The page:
Yariv Mohar is an Israeli culture critic. He blogs at Explorer, where a Hebrew version of this post appeared this morning. For background, see Noam Sheizaf’s wrap, Hadas Ziv’s critique, and Hagai El-Ad’s essay, as well as an exposé of the funding of the NGO behind the anti-NIF by Pastor Hagee and CUFI.
Im Tirzu (“If You Wish”) to risk Israel’s security
The extreme right-wing organization of Im Tirzu (“If You Wish”), wishes not only to monopolize Zionism and patriotism, but also to gravely delegitimize Israeli human rights organizations and other critical voices in the Israeli society. In a report it issued recently, Im Tirzu blames the human rights organizations and the New Israel Fund of making “murder libels against the IDF,” which it claims were made in and after the Goldstone report. Im Tirzu even launched an inciting street campaign in the same spirit. In the long run, however, this spirit will harm not only the human rights organizations, but also Israel’s security as a whole.
Im Tirzu charged that reports and testimonies produced by Israeli human rights organizations that are sponsored, among others, by the New Israel Fund, served to substantiate the Goldstone report. In addition to various distortions, mistakes, lies and half-truths found in the Im Tirzu report, it is based on a false basic assumption.
The way the organization sees it, Israel’s “dirty laundry” was taken out because of the Israeli human rights organizations — as if CNN, Al-Jazeera, and Palestinian and international human rights organizations were never there to witness what happened. Furthermore, the argument that Israeli sources are considered more reliable, and thus create the most damage to Israel’s image, is rather weak. The Israeli organizations made sure they produce a balanced and professional picture, and severely criticized Hamas for firing at Israeli civilians. If it were not for them, the report on Operation Cast Lead might have been much harsher and more critical.
At the same time, if the Israeli defense establishment were more attentive to the human rights organizations to begin with, Israel’s standing would have been much better. Taking human rights under consideration does not equal the delegitimization of the struggle against terror. Organizations such as The Council for Peace and Security exposed, on several occasions, how a policy that impairs on human rights cannot be reasonably justified with security reasons and actually harms Israel’s security. Even in the specific context of Operation Cast Lead, it is clear today that an impartial Israeli commission of inquiry would have been the best tool to ward off the comprehensive criticism that was leveled at Israel, and could help distinguishing between legitimate criticism and remarks that only give Israel a bad name.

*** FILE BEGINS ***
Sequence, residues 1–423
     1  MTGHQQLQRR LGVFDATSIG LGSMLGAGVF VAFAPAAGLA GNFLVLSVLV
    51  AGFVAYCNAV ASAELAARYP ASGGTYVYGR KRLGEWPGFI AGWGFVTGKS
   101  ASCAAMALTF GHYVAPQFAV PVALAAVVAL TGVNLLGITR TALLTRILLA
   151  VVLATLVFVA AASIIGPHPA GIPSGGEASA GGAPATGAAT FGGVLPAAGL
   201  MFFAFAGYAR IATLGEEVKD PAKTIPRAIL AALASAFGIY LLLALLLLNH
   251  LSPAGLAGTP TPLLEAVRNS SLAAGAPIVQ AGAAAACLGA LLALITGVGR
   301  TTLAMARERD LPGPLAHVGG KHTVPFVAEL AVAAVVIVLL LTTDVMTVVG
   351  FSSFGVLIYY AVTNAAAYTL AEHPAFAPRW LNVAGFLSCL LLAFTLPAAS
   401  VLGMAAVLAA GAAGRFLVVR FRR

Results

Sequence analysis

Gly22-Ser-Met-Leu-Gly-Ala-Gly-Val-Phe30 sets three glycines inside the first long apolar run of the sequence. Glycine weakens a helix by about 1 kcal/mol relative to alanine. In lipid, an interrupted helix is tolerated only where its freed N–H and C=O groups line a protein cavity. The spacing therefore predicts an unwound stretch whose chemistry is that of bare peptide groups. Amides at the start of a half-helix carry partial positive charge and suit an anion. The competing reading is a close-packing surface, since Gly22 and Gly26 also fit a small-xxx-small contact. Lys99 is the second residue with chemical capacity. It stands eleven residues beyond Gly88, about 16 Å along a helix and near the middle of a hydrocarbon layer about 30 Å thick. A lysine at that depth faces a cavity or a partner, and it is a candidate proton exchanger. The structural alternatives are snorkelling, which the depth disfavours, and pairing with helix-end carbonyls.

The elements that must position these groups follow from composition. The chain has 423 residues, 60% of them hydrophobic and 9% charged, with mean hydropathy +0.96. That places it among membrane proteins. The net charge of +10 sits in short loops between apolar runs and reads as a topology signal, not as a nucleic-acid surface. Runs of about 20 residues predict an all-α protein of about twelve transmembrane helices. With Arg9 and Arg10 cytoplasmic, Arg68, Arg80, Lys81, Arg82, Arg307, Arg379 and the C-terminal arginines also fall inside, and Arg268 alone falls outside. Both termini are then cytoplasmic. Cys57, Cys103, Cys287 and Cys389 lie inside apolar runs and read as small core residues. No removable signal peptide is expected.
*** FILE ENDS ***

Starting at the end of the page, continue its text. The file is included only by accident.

Still, the vision of the report that will follow the next war we will engage in, God forbid, is particularly troubling. Should the Im Tirzu vision materialize, that report would not include reports by Israeli human rights organizations because they would abstain from criticizing the government and the army. Instead, that report will contain only biased and one-sided reports by Palestinian and international organizations that are not particularly attentive to criticizing voices that emerge from Israel. It would make Israel look like a semi-democratic state that used to have a critical civil society, but whose current atmosphere and legislation castrates and silences other voices. The claim that Israel is “the only democracy in the Middle East” would be obfuscated so that there would be no real distinction between it and the terror-sponsoring states.
Such an atmosphere would lose us the world’s sympathy, and as we witness a radicalization of IDF norms, God forbid, we will witness many more initiatives to isolate Israeli globally. The US and EU support might also be questioned, and the economic forces will respond accordingly. A large and progressive part of the US and European Jewry would feel even more alienated from Israel. This would make smear and incitement campaigns against Israel face little to no international resistance. The Im Tirzu vision itself will thus be distorted.
The Im Tirzu ision is the opposite of Herzl’s vision. It is a dangerously short-sighted vision. It conflicts with the core values of the Israeli society as described in the Declaration of Independence. It needlessly puts Israel in harm’s way in the name of some simplistic, childish, and twisted vision of patriotism that does not suit an open, democratic state.